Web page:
Chartulary (pronEng|ˈkaɹʧʊˌlɛɹi) renders two Latin words, for a collection of charters viz. an officer in charge of it.


A Cartularium or Chartularium, also called Pancarta and Codex Diplomaticus, is a medieval manuscript volume or roll ("rotulus") containing transcriptions of original documents relating to the foundation, privileges and legal rights of ecclesiastical establishments, municipal corporations, industrial associations, institutions of learning and private families. The term is also, though less appropriately, applied to collections of original documents bound in one volume or attached to one another so as to form a roll. The allusion of St. Gregory of Tours to "chartarum tomi" in the sixth century is commonly taken to refer to chartularies; the oldest, however, that have come down to us belong to the tenth century. [ [ "Record-keeping in eleventh-century Worcester"] : "The early Worcester archive include texts of over 200 "acta"... in addition, there are transcripts of at least another 57 pre-conquest single-sheet acta now lost."] Those from the tenth to the thirteenth centuries are very numerous. Sometimes the copyist of the chartulary reproduced the original document with literary exactness. Sometimes, however, he took liberties with the text to the extent of modifying the phraseology, modernizing proper names of persons or places, and even changing the substance of the meaning for some such purpose as to extend the scope of the privileges or immunities which the document granted. The value of a chartulary as an historical document depends not only on the extent to which it reproduces the substantial meaning of the original, but if edited, as a sign of the motivation for changes made under a new set of historical circumstances. These questions must be settled by the well-known canons of historical criticism. Generally speaking, a chartulary, attested by the signatures or marks of a number of prominent individuals, ranks as a public document possessing greater value than a private letter or the narrative of an annalist. We have no complete inventory of the chartularies of the various institutions of the Middle Ages, but many chartularies of medieval monasteries and churches have been published, more or less completely. The "Catalogue général des cartulaires des archives départementales" (Paris, 1847) and the "Inventaire des cartulaires" etc. (Paris, 1878-9) are the chief sources of information regarding the chartularies of medieval France. For the principal English (printed) chartularies, see Gross, "Sources and Literature of English History," etc. (London, 1900), 204-7 and 402-67. The important chartulary of the University of Paris was edited by Father Denifle, O.P., and M. Chatelain, "Chartularium Universitatis Parisiensis" (Paris, 1889, sqq)


This title was a given to an ancient officer in the Roman Church, who had the care of charters and papers relating to public affairs. The chartulary presided in ecclesiastical judgments, in lieu of the Pope.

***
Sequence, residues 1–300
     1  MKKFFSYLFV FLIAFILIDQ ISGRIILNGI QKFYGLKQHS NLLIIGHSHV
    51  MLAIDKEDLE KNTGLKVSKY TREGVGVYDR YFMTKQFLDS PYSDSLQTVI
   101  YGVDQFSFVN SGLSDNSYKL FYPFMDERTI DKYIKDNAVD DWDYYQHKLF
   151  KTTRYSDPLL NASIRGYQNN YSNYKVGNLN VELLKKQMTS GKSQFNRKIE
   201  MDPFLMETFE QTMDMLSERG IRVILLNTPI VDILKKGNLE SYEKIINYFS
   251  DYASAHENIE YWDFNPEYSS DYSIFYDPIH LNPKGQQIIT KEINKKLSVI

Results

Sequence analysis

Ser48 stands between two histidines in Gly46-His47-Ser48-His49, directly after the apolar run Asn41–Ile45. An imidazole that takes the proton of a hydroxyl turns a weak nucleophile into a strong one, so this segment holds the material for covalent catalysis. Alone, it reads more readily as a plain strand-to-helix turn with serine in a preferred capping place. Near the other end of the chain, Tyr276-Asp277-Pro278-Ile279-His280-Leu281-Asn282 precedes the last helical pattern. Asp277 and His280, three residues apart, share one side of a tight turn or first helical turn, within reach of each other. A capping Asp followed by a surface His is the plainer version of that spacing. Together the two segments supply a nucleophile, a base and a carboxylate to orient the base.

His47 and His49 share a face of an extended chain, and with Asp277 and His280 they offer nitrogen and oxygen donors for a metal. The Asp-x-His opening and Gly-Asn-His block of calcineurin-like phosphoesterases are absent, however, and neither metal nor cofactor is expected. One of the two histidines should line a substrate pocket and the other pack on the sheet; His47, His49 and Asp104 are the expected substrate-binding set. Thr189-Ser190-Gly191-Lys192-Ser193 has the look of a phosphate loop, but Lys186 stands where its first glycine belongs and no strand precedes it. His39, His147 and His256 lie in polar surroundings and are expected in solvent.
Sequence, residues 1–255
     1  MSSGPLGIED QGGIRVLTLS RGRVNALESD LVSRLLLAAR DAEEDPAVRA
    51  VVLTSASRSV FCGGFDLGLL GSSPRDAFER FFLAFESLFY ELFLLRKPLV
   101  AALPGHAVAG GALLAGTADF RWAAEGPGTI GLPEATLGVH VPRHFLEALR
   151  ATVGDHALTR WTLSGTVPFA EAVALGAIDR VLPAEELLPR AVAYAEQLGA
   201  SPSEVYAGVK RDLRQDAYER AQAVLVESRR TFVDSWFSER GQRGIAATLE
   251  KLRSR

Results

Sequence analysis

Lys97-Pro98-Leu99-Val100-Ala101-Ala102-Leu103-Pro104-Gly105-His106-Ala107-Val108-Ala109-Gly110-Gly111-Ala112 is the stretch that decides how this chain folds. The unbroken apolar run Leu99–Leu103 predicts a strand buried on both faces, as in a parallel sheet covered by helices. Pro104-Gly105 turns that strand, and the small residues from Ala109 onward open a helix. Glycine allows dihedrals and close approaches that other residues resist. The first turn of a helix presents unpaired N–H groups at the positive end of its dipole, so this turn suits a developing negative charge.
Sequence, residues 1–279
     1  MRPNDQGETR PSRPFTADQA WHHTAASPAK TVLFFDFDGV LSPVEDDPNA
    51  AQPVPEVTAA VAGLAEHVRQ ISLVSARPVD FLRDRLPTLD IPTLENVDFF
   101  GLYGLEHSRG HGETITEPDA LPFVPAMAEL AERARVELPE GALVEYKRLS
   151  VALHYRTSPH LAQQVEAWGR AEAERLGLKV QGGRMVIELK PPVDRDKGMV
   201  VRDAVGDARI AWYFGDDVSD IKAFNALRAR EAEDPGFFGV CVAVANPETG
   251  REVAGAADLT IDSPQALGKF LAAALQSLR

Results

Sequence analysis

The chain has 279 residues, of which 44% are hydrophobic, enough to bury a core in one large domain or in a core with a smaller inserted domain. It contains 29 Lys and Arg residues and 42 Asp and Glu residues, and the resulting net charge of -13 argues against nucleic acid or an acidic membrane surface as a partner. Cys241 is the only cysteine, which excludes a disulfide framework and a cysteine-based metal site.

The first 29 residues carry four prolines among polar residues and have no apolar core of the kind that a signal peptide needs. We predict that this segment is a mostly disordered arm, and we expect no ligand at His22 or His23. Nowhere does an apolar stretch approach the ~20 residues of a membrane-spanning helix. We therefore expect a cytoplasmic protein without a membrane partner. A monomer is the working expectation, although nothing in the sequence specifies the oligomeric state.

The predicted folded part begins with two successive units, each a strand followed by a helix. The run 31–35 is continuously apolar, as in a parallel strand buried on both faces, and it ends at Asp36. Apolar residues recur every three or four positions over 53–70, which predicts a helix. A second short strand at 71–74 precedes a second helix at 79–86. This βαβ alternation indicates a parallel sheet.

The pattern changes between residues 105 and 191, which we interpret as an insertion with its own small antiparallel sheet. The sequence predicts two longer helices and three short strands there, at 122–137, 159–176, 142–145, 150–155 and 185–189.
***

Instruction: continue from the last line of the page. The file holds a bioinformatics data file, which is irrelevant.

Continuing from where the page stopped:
In the Greek Church, the chartulary was called chartophylax, but his office was much more considerable; some even distinguish the chartulary from the chartophylax in the Greek Church.


ources and references

* [ Catholic Encyclopedia article]

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  • Chartulary — • A medieval manuscript volume or roll (rotulus) containing transcriptions of original documents relating to the foundation, privileges, and legal rights of ecclesiastical establishments, municipal corporations, industrial associations,… …   Catholic encyclopedia

  • Chartulary — Char tu*la*ry, n. See {Cartulary}. [1913 Webster] …   The Collaborative International Dictionary of English

  • chartulary — [kär′chə ler΄ē] n. pl. chartularies alt. sp. of CARTULARY …   English World dictionary

  • chartulary — noun (plural laries) Etymology: Medieval Latin chartularium Date: 1571 cartulary …   New Collegiate Dictionary

  • chartulary — /kahr cheuh ler ee/, n., pl. chartularies. 1. a register of charters, title deeds, etc. 2. an archivist. Also, cartulary. [1565 75; < ML chartularium, equiv. to L chartul(a) CHARTER + arium ARY] * * * …   Universalium

  • Chartulary — Book in which were kept copies of *charters and deeds and other legal documents. Such charters were important as proving entitlement, e.g. that a gift of land had been made. Monasteries frequently kept not only their own charters and deeds but… …   Dictionary of Medieval Terms and Phrases

  • chartulary — char·tu·lary …   English syllables

  • chartulary — char•tu•lar•y or cartulary [[t]ˈkɑr tʃəˌlɛr i[/t]] n. pl. lar•ies a register of charters, title deeds, etc • Etymology: 1565–75; < ML chartulārium …   From formal English to slang

  • chartulary — /ˈtʃatʃələri/ (say chahchuhluhree) noun (plural chartularies) → cartulary …   Australian English dictionary

  • chartulary — I. ˈkärchəˌlerē noun ( es) Etymology: Medieval Latin chartularium case for storing papers, from Latin chartula little paper + arium ary : cartulary II. noun ( …   Useful english dictionary

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